David Cameron has said there is an “economic, moral and practical” case for lower taxes as he set out his central election pledges on taxation.
The prime minister said, under his plans, no-one would pay tax on the first £12,500 of their income by 2020.
In a speech in Hampshire, he said the government had a track record of taking the lowest-paid out of tax altogether.
But Nick Clegg said it was a “brazen attempt” by the Conservatives to take credit for a Liberal Democrat policy.
The Conservative-Lib Dem coalition has increased the point at which people start paying income tax – known as the annual personal allowance – from £6,475 in 2010-2011 to £10,500 in 2014, meaning those earning less than £100,000 now pay no tax on the first £10,500 of income.
Both parties have pledged to lift this threshold to £12,500 during the next Parliament although they are at odds over who has spearheaded the policy, with both seeking to take the credit.
In the third of a series of speeches setting out the Conservatives’ main electoral themes, the prime minister said his party was on the side of taxpayers, who he acknowledged have endured a “difficult time” since the 2008 recession.
“We should start from the proposition that it is people’s money not government’s money and we should leave them with as much to spend as we can rather than frittering it away on wasteful government projects,” he said.
Under Conservative plans, he said no-one on the minimum wage working 30 hours a week would pay income tax by 2020, effectively taking one million people out of tax completely.
“This is not just a vague promise,” he said. “We have a record.”
Changes to the personal allowance since 2010, he said, had delivered a £700 tax cut for 24 million people and three million people were no longer paying income tax as a result.
Mr Cameron also repeated the party’s pledge – first made at its autumn conference – to help middle earners by raising the income threshold at which people start paying 40% tax from £41,900 at the moment to £50,000 by 2020, saying this “backed aspiration”.
“Those who can afford to” would continue to “pay the most in tax”, he added.
“We make these commitments on the basis of the fact that we have turned round the economic performance of this country,” he said.
The Conservatives have said they can eliminate the structural deficit and return the UK’s public finances to the black over the next five years without raising taxes.
Asked whether the tax cuts were principally designed to shore up Conservative support in southern England in the face of the threat from UKIP, he said “on their own they are never enough” and “what you need is an economic plan that people can see is working”.
Lib Dem Priority
The Lib Dems, who have pledged to raise the personal allowance to £11,000 in 2016 if they remain in government, said they had had to fight for incremental increases in the tax threshold at every Budget since 2010.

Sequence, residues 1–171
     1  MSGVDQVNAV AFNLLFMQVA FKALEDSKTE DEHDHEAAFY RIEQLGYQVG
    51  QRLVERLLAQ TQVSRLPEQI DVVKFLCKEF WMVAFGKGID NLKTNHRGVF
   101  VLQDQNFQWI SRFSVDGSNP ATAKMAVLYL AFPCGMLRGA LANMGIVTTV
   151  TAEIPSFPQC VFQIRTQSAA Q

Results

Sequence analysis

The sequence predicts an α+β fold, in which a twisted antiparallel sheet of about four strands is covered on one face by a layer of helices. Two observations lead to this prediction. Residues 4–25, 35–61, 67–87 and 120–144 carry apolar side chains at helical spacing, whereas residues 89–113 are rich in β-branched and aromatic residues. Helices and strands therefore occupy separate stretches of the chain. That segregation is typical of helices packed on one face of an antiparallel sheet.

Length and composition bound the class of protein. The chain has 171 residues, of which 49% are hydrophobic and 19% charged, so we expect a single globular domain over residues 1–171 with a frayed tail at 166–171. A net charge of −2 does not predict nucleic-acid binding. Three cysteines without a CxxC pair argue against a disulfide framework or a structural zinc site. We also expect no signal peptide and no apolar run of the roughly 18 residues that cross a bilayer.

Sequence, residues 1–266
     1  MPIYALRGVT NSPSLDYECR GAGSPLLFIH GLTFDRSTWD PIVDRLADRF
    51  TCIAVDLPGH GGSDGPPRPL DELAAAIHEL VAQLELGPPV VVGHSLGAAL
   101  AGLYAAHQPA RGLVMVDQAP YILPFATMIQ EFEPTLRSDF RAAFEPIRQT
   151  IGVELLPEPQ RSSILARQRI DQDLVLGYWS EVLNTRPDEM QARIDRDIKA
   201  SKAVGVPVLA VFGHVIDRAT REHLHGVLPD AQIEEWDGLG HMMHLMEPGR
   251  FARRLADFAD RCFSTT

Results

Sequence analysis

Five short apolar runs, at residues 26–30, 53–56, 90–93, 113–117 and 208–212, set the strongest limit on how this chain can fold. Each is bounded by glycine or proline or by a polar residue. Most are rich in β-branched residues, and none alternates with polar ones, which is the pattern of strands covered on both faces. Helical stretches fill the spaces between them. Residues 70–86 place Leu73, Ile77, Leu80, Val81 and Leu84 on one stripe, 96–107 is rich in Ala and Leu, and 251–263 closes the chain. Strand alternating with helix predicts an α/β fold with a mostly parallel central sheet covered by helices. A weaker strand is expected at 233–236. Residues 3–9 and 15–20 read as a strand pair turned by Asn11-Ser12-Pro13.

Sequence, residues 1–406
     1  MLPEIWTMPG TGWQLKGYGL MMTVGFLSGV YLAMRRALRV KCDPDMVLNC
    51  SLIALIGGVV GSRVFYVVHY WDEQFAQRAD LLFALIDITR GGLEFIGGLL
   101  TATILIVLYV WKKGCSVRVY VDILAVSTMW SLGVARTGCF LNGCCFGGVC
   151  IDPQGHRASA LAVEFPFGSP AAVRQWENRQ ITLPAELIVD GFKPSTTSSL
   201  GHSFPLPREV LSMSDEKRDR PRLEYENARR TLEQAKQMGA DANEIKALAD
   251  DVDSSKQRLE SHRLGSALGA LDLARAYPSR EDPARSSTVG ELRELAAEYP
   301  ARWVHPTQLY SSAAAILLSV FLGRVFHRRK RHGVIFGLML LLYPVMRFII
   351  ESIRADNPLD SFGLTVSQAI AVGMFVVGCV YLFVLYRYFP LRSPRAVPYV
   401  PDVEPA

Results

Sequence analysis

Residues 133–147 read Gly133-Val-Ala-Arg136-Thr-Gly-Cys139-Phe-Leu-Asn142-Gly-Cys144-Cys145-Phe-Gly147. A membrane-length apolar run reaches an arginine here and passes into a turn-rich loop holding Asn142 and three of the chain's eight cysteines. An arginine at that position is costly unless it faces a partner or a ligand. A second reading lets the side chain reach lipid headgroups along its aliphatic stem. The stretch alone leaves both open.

“Within government it has always been rightly seen, because it is on the front of our manifesto not the Conservatives, as a Lib Dem priority,” Mr Clegg said.
“I think this is a pretty brazen attempt by the Conservatives which everyone will see through to take credit for a very important policy, which has only been delivered in government because of the Lib Dems.
“I remember very well before the last election, David Cameron said it wasn’t affordable and we couldn’t deliver these huge tax changes.”
Labour have accused the Conservatives of making £7bn of unfunded tax promises and said they broke a 2010 election promise by raising VAT shortly after the election.
Chris Leslie MP, shadow Chief Secretary to the Treasury, said: “David Cameron and Nick Clegg should be judged on their record of raising tax on ordinary families while giving millionaires a huge tax cut. They have put a privileged few over hard working people.”
The opposition say their own plans to raise the top level of tax from 45p to 50p are part of a fairer approach to ensuring a budget surplus by 2020.
UKIP said Mr Cameron had done little to help “Middle Britain” while in power.
“UKIP will keep pressing for income tax cuts and the scrapping of inheritance tax too in order to give the British people a fairer deal,” MEP Patrick O’Flynn, the party’s economics spokesman said.
The Taxpayers Alliance campaign group said Mr Cameron’s tax commitments were welcome but were “not as generous as they first seem”.
“He is not planning to raise the 40p threshold quickly enough to keep pace with inflation and he has said nothing about what he would do with national insurance which is a second income tax in all but name,” said its director Jonathan Isaby.